Medical records provide legal evidence of abuse of a child/adolescent. Well-documented medical records may eliminate or reduce the time you may be required to spend in legal activities related to a case of child abuse.
Records are submitted into evidence as business records created in the ordinary course of business. They should be precise and professional, containing all appropriate information but no extraneous information and no opinions. When records are illegible or comprehensible only to you, the value of the records is minimal or nonexistent even if the records are germane to diagnosis and treatment because they will not be deemed admissible in a court of law.
Access to medical records is governed by a combination of constitutional, statutory, regulatory, and case law. The Health Insurance Portability and Accountability Act (HIPAA) addresses the security and privacy of patient health data. The text of the HIPAA regulations can be found at www.hhs.gov/ocr/hipaa/ . The effect of the HIPAA regulations on the ability to transfer child abuse information is still being evaluated. The American Bar Association publication The Impact of HIPAA on Child Abuse and Neglect Cases is available at www.aap.org/en-us/advocacy-and-policy/aap-health-initiatives/healthy-foster-care-america/Documents/HIPAA_Impact.pdf (PDF). In general, when medical information is critical to the protection of the child, sharing of that information is recommended and ethically responsible.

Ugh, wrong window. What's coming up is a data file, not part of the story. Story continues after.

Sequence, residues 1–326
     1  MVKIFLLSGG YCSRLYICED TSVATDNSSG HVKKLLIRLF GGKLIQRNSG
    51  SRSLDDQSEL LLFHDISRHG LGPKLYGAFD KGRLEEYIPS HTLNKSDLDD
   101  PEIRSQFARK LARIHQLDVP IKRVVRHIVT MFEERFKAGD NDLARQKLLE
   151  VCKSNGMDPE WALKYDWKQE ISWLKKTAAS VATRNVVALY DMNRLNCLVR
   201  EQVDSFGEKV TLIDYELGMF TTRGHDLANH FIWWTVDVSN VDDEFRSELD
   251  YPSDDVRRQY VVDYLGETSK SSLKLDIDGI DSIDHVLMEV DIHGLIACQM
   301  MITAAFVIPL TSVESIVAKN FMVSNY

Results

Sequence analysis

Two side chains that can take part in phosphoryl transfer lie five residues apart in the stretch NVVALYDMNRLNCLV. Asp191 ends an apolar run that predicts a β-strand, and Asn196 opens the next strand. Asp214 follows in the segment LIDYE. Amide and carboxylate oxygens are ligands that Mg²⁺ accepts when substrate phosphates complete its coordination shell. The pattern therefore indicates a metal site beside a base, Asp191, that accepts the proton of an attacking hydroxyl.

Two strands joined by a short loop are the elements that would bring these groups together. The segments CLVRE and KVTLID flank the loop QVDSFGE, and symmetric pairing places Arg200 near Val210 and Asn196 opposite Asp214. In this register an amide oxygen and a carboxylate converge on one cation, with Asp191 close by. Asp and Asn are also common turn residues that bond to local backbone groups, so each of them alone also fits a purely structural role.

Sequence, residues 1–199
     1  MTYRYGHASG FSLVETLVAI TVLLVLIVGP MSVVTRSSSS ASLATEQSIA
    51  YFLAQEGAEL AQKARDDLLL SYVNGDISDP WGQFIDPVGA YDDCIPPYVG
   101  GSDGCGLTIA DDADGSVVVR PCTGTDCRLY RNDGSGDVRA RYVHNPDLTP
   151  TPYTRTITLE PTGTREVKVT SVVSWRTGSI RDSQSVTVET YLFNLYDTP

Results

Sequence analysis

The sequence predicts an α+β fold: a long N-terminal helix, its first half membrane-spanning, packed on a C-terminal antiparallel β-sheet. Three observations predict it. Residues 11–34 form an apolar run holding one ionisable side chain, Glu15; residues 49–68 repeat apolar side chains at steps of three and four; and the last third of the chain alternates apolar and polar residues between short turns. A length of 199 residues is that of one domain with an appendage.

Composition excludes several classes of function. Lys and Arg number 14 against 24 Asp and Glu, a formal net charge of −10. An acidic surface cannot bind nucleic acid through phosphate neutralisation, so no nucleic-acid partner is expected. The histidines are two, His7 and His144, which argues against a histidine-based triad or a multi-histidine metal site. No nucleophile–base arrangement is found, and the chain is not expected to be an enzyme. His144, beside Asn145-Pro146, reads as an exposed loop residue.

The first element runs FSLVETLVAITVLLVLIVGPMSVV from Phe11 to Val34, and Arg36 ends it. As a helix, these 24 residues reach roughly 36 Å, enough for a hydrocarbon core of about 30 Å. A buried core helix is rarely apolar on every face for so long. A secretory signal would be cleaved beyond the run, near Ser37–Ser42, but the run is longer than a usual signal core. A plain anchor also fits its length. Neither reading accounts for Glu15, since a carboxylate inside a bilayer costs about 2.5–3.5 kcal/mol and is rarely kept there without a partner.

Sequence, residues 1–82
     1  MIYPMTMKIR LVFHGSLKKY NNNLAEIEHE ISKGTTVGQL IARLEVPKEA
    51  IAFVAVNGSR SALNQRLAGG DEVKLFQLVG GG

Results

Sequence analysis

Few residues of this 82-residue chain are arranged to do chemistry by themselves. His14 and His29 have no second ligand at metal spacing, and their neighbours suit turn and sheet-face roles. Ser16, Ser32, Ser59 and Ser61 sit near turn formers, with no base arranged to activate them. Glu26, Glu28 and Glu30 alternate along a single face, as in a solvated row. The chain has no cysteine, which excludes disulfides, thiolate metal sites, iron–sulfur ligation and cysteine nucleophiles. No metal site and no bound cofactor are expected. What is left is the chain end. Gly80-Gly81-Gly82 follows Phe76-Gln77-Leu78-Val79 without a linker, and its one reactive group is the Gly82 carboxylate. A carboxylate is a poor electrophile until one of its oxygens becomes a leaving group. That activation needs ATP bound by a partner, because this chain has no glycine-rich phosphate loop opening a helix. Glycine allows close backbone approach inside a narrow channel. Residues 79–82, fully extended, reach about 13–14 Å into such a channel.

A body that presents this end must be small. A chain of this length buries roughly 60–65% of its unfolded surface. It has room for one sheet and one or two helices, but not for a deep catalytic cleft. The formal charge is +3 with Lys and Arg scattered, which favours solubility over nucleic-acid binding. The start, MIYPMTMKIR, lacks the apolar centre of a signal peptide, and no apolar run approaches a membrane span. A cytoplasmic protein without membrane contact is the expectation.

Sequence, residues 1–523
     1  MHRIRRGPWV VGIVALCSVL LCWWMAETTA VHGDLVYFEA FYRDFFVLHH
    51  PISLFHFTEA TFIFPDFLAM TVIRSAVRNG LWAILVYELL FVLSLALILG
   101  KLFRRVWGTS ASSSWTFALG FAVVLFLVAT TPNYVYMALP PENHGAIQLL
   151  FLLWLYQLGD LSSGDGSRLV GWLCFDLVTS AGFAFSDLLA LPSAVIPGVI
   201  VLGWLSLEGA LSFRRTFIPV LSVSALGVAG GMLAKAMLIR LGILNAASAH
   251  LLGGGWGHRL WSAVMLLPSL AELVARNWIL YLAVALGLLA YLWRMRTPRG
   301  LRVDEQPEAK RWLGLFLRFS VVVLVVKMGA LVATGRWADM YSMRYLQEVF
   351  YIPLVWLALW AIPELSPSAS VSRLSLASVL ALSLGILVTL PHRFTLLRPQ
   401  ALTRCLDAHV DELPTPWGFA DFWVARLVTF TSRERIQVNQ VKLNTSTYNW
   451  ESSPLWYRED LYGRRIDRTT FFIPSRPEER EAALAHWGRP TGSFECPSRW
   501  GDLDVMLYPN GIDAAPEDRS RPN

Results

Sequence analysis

When possible, obtain permission from the parent(s) or guardian(s) of child abuse victims for sharing of medical information with non-medical team members. Multidisciplinary child abuse teams are well accepted as the most effective and compassionate response to allegations of child abuse. There should be procedures, such as through informed consent, to assure that information can be shared in an appropriate and ethical manner.
The issue of a patient's right to consent to release of information is complicated when the patient is a minor. Child Protective Services caseworkers and supervisors are authorized by law to obtain certain medical information pertaining to a minor whom a medical provider believes may have been a victim of a child abuse. Parental permission for release of records is not required. Other methods of obtaining confidential medical information regarding a minor include judicial subpoena or authorization pursuant to a specific federal or state authority. Parents generally have the right to authorize release of information on the child's behalf. Consequently, they also have the right to prohibit such release. When the parent is accused of an offense, the parent's decision may be based on his or her own protection rather than on the best interests of the child.
If an accused parent wants of copy of the child patient's record, New York Public Health Law allows a provider to deny a patient (or patient's parent) access to patient records:
If the provider determines that the requested review of the information can reasonably be expected to cause substantial and identifiable harm to the subject or others which would outweigh the qualified person's right of access to the information, or would have detrimental effects. (N.Y. Pub. Health Law ~ 18(3)(a), (b), and (d).)
You may also face situations where you are aware that a child/adolescent has provided information, reflected in the medical record, that he or she does not want a parent to know. You may want to pursue measures to protect the record under these circumstances as well.